Is the Swedish state secular when religious service functions are integrated in public institutions?
2014 (English)Conference paper, Abstract (Refereed)
Church and state formally separated in Sweden 1st January 2000. However, their relationships are complex and ambiguous, illustrated by the presence of the Church of Sweden and its activities within several public institutions. State institutions are officially religiously neutral, although in praxis many have special links and organised cooperation with the former state church. There are even signs of increasing demand of the Church’s special competence in certain areas and the state is financially supporting activities of less financially strong minority faith communities within public institutions. The aim of this paper is to highlight the ambiguous relationships between state institutions and Swedish faith communities. Examples will be included from the following public institutions will be included; the parliament, military institutions, prisons, courts, public hospitals, public schools, universities and some other authorities. Results show persisting presence of religious agents dominated by Church of Sweden. The question is raised whether the Church and religion as such is really separated from the state, or if it is more relevant to describe the relationships as new forms of cooperation after the year 2000?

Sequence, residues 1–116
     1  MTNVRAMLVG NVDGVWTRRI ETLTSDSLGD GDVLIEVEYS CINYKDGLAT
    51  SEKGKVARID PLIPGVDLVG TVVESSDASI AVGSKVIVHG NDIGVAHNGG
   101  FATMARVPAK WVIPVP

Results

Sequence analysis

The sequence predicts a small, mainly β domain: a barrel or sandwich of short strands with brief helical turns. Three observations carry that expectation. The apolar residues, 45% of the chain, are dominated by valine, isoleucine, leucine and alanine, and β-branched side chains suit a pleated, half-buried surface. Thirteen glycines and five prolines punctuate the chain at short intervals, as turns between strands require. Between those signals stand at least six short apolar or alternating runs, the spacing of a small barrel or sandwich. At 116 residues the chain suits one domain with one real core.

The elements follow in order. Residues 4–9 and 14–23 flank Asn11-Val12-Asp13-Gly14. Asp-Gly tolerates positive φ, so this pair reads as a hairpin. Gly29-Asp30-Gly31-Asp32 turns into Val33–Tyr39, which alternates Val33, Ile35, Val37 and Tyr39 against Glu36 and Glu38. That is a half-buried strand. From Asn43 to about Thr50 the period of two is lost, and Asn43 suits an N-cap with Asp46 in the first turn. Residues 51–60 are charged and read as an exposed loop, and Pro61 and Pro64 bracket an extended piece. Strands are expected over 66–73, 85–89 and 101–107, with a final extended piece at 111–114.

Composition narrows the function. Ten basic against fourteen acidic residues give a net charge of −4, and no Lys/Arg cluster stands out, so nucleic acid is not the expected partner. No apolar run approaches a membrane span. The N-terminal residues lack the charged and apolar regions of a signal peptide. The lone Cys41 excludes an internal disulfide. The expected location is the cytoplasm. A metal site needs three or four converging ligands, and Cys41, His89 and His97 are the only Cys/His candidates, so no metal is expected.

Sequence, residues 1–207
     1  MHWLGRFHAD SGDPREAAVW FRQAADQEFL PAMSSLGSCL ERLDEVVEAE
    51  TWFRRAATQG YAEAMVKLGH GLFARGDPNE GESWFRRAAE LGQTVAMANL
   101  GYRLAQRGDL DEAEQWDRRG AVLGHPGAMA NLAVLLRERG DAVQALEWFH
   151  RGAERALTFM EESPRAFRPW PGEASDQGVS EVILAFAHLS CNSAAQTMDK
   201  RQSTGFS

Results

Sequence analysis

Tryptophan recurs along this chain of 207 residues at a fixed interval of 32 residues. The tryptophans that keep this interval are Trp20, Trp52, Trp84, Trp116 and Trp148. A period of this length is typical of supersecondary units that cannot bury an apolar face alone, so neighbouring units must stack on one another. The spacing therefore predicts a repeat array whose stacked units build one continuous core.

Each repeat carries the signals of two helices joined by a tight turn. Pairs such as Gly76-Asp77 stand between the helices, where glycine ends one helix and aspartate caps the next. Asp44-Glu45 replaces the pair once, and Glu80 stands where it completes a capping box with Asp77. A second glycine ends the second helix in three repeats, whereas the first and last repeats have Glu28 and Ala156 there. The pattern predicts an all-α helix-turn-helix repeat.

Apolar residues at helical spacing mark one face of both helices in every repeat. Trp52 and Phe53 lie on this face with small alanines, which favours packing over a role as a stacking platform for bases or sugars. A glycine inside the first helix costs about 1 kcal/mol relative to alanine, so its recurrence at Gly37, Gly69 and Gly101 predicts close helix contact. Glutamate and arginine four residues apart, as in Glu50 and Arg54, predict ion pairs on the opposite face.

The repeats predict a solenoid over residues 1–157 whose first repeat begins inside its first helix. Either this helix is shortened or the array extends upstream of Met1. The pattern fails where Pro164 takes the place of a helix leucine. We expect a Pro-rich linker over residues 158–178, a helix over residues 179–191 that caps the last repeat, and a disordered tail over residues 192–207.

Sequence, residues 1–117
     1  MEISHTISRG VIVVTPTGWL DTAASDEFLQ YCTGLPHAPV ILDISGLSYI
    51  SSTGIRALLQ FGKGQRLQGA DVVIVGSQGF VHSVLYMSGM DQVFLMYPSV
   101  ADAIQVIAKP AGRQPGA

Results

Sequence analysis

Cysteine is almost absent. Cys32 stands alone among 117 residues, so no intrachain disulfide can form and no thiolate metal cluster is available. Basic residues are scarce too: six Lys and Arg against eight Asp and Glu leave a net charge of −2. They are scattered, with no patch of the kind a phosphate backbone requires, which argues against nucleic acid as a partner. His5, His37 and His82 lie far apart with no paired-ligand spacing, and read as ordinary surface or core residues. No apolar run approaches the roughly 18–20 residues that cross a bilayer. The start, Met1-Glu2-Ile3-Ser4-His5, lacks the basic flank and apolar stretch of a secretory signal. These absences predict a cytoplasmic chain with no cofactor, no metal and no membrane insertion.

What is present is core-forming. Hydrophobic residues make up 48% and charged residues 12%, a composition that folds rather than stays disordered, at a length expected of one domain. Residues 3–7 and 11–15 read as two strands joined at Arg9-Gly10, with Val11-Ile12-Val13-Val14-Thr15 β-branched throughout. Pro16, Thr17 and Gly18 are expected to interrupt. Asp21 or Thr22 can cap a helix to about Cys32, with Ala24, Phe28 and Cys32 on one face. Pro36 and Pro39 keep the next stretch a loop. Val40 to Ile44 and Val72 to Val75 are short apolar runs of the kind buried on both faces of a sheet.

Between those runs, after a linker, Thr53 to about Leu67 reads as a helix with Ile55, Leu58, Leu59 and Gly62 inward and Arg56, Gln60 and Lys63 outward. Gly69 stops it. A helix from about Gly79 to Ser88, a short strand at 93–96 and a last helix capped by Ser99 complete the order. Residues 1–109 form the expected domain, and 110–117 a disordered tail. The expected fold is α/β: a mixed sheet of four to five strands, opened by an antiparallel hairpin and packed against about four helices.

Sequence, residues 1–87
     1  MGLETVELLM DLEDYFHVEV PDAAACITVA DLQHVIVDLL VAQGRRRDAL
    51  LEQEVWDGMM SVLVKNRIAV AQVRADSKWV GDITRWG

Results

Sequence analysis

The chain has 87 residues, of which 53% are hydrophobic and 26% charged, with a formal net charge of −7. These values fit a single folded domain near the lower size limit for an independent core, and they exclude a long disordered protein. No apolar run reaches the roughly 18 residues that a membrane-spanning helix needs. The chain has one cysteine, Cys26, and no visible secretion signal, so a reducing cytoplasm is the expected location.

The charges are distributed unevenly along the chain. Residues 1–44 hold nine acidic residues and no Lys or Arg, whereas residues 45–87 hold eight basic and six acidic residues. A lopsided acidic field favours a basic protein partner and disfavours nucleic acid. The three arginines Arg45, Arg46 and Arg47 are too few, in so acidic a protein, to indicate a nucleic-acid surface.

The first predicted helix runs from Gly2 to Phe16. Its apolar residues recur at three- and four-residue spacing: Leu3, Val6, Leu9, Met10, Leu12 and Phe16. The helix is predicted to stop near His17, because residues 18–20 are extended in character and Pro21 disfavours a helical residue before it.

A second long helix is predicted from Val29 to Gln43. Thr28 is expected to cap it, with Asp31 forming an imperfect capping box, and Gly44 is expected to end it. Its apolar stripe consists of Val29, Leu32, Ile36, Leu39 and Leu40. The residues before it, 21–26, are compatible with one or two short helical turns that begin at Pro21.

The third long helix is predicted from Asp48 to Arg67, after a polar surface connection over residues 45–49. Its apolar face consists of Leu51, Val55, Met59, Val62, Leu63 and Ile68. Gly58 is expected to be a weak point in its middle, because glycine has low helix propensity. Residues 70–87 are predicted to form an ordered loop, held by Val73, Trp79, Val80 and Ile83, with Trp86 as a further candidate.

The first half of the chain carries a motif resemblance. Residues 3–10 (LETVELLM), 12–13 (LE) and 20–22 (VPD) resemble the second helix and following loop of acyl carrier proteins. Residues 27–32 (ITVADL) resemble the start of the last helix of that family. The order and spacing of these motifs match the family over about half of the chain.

Place, publisher, year, edition, pages
Religion, Church, state, public institutions, Sweden, secular
Research subject Religious Studies and Theology
IdentifiersURN: urn:nbn:se:kau:diva-34884OAI: oai:DiVA.org:kau-34884DiVA: diva2:778233
The EUREL Conference, 23-24 October 2014, Lublin Poland.
ProjectsThe role of religion in the public sphere. A comparative study of the five Nordic countriesThe Impact of Religion: Challenges for Society, Law and Democracy
FunderSwedish Research Council